What is the ORIGIN of all MASS in the Universe? Physics of symmetry breaking


What is the ORIGIN of all MASS in the Universe

What is the origin of mass in the universe? Symmetry breaking. Symmetries in quantum mechanics result in 3 of the fundamental forces of nature – electromagnetic, weak and strong forces. However, the breaking of certain symmetries is just as important as symmetries. Without it no mass would exist in the universe and no life would exist.

What is symmetry in physics? it’s when the properties of particles don’t change after being subjected to transformations. The simplest example is the fact that the laws of physics are the same whether you are here, or in China – this is space translation symmetry. Symmetries show us that mother nature has some simple rules it uses to build the universe.

Imagine a Mexican hat potential. Now if I asked you to place a ball such that you didn’t break symmetry, you would only have one choice – in the middle, at the maximum. What if instead, we put the ball in one of the minima? Now the symmetry would no longer exist. This is a representation of how the Higgs mechanism works to impart mass to fundamental particles. Certain fundamental particles break symmetry by not being in the center, by being in the non-zero potential of the Higgs field.

The issue with the standard model is that all particles must be massless according its equations. This is a demand from the symmetry of the equations. So how do masses of the fundamental particles come about? symmetry breaking.

Universal Symmetry

What is symmetry breaking? Briefly, modern quantum theory shows that all particles are excitations in fields that permeate the entire universe. The lowest energy state of all the other fields is zero. This means that even though they are modulating and changing, meaning that particle and antiparticles are quickly coming in and out of existence forming and annihilating all the time, overall the energy used to create and annihilate these virtual particles has a net value of zero. But the Higgs field is different . It’s field is non zero, even in empty space.

This means our Higgs field becomes massive at a lower energy state, and any fundamental particle that interacts with it gains a rest mass. All the mass associated with the particles of the standard model is due to the fact that they interact with the Higgs field. Particles that don’t interact with the Higgs field remain massless, like the massless photon.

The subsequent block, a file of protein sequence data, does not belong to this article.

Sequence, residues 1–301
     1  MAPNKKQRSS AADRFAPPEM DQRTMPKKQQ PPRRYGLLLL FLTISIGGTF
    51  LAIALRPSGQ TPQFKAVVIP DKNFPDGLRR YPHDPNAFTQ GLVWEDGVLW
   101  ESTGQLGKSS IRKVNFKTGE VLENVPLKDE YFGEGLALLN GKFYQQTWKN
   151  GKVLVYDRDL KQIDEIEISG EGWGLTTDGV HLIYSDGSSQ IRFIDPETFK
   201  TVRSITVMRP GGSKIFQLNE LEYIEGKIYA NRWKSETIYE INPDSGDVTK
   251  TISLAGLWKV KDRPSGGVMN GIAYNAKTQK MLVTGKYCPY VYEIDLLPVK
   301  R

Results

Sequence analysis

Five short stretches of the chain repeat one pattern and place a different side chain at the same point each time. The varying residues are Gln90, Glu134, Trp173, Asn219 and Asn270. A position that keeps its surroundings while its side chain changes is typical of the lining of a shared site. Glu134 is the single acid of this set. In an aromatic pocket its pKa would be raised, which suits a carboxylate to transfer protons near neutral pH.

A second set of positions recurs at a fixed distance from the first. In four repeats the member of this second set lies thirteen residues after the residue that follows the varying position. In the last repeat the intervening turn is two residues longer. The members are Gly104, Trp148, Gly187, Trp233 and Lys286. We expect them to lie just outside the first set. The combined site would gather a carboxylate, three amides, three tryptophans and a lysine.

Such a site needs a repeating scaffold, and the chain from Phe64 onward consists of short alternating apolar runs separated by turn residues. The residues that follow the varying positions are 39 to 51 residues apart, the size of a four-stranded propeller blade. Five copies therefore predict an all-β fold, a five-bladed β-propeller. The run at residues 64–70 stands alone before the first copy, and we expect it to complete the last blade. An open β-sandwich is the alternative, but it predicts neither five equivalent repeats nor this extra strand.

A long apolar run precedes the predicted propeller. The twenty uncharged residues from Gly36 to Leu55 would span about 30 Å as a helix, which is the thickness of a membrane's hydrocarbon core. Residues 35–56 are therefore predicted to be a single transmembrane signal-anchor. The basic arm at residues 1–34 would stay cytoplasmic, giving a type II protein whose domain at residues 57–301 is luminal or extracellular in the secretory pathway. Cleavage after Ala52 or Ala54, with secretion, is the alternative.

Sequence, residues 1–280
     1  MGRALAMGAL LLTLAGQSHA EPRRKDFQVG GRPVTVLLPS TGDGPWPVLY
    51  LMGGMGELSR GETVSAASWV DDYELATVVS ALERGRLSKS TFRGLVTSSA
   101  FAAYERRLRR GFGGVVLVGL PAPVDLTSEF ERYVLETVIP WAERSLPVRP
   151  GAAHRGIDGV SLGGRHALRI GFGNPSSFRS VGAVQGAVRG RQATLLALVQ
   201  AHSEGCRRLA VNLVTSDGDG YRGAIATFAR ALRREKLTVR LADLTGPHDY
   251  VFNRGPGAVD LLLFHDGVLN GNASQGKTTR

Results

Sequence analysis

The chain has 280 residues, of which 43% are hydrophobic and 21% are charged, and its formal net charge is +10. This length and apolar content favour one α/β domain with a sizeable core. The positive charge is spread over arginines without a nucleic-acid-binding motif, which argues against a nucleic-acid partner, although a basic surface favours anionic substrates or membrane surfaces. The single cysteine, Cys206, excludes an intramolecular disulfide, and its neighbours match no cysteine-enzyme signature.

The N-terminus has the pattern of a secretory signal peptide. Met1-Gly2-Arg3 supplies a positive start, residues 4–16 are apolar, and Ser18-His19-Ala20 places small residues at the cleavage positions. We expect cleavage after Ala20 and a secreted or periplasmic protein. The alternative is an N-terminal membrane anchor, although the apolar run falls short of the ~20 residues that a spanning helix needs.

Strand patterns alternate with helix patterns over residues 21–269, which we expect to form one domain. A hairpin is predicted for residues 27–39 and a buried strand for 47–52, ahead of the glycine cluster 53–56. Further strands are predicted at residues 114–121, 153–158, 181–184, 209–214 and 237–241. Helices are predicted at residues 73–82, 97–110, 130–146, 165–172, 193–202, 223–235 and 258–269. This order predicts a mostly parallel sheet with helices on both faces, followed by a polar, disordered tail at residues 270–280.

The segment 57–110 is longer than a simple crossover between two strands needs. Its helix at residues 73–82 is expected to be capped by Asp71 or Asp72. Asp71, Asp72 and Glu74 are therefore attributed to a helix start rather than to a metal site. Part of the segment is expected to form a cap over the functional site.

But symmetry breaking is responsible for all mass, not just the mass of fundamental particles. The mass of protons and neutrons comes mainly from the binding energy that keeps quarks glued together inside protons and neutrons, as well as the biding energy that keeps protons glued to other protons and neutrons in the nucleus. It comes from gluon interactions associated with the strong force.

What kind of symmetry breaking explains this binding energy? Chiral symmetry. A chiral symmetric theory treats left handed and right handed particles the same.

But the standard model is not a chiral-symmetric theory. It does not treat left and right-handed particles the same. Consider a left-handed up quark. It has a mass of about 2.3 MeV. The anti-particle of this quark will be right handed. When these two quarks are bound together, this combination is called a meson. If left and right chirality were treated equally, this meson would annihilate with a net energy of roughly zero. The combination of a quark/anti-quark pair would result in zero mass.

However, if chiral symmetry is broken, they are not treated equally, and the net energy is NOT zero. In fact the total mass is 135 to 140 MeV. Where did this increase in mass come from? It comes about due to chiral symmetry breaking.

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The gluons form a kind of cloud around the quarks. This confines the quarks, breaks chiral symmetry, and generates the binding energy that is measured as mass of the meson. The same phenomenon occurs in protons and neutrons. This is the origin of 99% of the visible mass in the universe. The other 1% is due to the Higgs boson.

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